How are we all still alive?

I just started using cronometer and I can't believe all the gaps in my nutrition. To get all the vitamins and minerals you need, you really do need to eat some dark leafy greens and an orange/yellow vegetable every day, as well as a lot of other healthy foods.

But I know that most Americans are eating fast food and drinking soda -- how are they even alive??? I'm freaking out just finding out how hard it is to get enough potassium every day. I don't know how the anti-vegetable set does it.


  • edited August 2018

    doctors have gotten good at treating malnutrition? lol, cardiologists, diabetes and such...

    took me a few months to figure out how to hit my needs with food...i ended up pretty much cutting out meat, and started eating lots of seeds, by what ever you want to call them...beans,seeds, grains....nuts are out of my price range though or i'd eat them too...

    check out my Granola recipe in the General Nutrition forum...that was the culmination of my learning curve...

    I am an amateur. I've been using CRON-O-Meter for 10 years and counting, still learning.....

  • There are other sources for nutrients, such as organ meats. But, there arent too many types of eating plans out there that dont encourage some level of vegetable consumption, especially leafy greens.

    The human body is pretty resilient. You can beat the hell out of it and it will mostly recover, to a point. However, just like anything else, that doesnt always happen. Of course, Im exaggerating, but the body is capable of healing itself given the proper fuel and nutrition. @bracconiere is right though - the medical field does have their tricks, but I might suggest - being down the road as a patient - there is no substitution for eating properly. Its definitely a learning experience for sure.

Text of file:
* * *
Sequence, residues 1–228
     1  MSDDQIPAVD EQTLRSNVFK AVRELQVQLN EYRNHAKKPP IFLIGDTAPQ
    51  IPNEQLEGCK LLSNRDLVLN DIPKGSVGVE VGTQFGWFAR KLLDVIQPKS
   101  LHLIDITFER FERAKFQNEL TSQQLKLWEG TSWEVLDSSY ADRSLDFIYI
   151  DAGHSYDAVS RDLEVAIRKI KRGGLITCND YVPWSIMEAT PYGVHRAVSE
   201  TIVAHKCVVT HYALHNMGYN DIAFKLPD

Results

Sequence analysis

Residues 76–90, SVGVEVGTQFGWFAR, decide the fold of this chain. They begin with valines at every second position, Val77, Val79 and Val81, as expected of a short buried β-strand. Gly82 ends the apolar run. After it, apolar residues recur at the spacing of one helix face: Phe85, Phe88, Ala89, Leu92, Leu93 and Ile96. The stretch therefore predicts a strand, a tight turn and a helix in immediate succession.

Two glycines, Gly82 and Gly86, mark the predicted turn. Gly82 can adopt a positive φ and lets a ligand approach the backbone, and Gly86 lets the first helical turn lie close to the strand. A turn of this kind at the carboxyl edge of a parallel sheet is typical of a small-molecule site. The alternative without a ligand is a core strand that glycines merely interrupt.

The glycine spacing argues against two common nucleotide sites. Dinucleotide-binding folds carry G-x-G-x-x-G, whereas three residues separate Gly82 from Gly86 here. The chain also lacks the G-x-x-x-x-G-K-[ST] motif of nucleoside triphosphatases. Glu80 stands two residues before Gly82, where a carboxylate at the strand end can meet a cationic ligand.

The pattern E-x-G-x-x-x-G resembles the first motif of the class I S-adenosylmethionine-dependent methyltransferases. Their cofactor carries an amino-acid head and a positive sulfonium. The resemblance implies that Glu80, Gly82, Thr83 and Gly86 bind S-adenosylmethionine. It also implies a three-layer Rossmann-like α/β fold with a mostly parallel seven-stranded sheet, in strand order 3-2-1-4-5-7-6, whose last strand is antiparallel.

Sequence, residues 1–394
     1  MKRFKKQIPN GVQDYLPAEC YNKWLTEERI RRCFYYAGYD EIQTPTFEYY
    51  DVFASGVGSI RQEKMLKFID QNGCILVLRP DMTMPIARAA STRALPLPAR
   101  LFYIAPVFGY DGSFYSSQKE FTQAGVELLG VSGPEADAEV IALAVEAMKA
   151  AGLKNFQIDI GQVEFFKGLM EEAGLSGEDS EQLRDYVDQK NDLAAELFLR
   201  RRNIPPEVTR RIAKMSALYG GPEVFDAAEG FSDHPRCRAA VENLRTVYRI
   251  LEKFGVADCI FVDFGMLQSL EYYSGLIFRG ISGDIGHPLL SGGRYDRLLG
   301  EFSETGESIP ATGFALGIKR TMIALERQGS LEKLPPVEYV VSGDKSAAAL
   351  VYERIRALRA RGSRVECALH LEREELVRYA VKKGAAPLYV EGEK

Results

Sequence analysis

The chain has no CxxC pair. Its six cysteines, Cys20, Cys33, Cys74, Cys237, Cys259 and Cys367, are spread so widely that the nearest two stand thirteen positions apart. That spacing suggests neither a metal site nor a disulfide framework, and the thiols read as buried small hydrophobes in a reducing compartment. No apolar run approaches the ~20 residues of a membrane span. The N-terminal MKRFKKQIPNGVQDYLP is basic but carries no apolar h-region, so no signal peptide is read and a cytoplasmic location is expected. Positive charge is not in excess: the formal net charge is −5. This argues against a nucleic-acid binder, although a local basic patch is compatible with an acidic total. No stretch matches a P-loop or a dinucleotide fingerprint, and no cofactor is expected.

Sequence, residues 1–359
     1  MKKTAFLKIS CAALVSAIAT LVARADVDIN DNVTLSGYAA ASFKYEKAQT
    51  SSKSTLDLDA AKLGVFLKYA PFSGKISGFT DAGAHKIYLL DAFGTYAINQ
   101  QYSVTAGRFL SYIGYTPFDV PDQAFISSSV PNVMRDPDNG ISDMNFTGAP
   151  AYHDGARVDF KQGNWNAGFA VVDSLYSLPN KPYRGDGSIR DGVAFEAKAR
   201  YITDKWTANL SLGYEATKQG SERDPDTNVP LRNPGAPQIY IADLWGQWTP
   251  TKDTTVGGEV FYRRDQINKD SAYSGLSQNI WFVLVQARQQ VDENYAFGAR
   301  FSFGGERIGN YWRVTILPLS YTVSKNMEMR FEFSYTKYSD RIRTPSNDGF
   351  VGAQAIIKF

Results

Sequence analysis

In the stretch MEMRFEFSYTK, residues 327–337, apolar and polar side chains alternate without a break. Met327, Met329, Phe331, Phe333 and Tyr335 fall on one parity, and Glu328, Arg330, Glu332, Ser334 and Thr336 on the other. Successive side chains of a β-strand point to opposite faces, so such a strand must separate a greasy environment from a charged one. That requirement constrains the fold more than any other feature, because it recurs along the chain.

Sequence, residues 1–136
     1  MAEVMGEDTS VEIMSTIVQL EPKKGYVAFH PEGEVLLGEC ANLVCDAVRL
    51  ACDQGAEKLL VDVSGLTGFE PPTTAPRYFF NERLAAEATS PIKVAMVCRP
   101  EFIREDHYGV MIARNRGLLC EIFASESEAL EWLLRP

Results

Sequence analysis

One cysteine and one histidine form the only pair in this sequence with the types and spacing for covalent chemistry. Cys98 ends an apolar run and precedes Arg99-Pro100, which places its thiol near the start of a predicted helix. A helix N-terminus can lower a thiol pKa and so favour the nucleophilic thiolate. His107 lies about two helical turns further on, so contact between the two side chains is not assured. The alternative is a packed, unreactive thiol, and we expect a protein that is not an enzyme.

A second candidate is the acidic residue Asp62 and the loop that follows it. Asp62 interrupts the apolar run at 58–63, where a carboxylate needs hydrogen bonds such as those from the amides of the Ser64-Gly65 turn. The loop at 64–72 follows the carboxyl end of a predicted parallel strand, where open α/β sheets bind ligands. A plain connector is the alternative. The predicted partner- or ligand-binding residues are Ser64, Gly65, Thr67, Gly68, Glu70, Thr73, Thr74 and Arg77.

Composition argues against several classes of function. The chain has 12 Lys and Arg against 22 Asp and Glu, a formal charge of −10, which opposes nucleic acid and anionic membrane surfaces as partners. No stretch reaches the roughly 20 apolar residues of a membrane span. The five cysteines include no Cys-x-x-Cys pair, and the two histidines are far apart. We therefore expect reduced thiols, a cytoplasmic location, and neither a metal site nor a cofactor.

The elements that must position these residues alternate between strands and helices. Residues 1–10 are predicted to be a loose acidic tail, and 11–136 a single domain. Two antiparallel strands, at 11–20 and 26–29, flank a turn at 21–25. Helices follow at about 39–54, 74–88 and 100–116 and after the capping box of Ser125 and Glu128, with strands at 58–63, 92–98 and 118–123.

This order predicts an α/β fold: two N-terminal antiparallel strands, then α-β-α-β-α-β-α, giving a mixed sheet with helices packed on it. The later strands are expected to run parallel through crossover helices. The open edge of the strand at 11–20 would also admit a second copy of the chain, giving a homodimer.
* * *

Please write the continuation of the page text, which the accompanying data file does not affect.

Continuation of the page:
In cases where its hard to get nutrients due to whatever circumstances, either because eating veggies isnt providing enough nutrients due to a vitamin deficiency or you simply cannot tolerate the sources available (I have this issue because a lot of veggies spike my blood sugar - which necessitates more insulin), then supplementation is often the immediate answer. Obviously not ideal, but it at least provides the extra nutrients that you're not getting or using them as an avenue to balance out so that getting nutrients from food is a reasonable option.

    Every time I take a break from food logging, I always find gaps in my nutrition somewhere, even from the times I thought I was doing really well. There's always something to learn.


  • When people think of malnutrition, they often picture an individual that is extremely thin. In today's world, malnutrition can (and does!) affect people of all sizes. What I most love about Cronometer is it's ability to reflect our overall diet quality.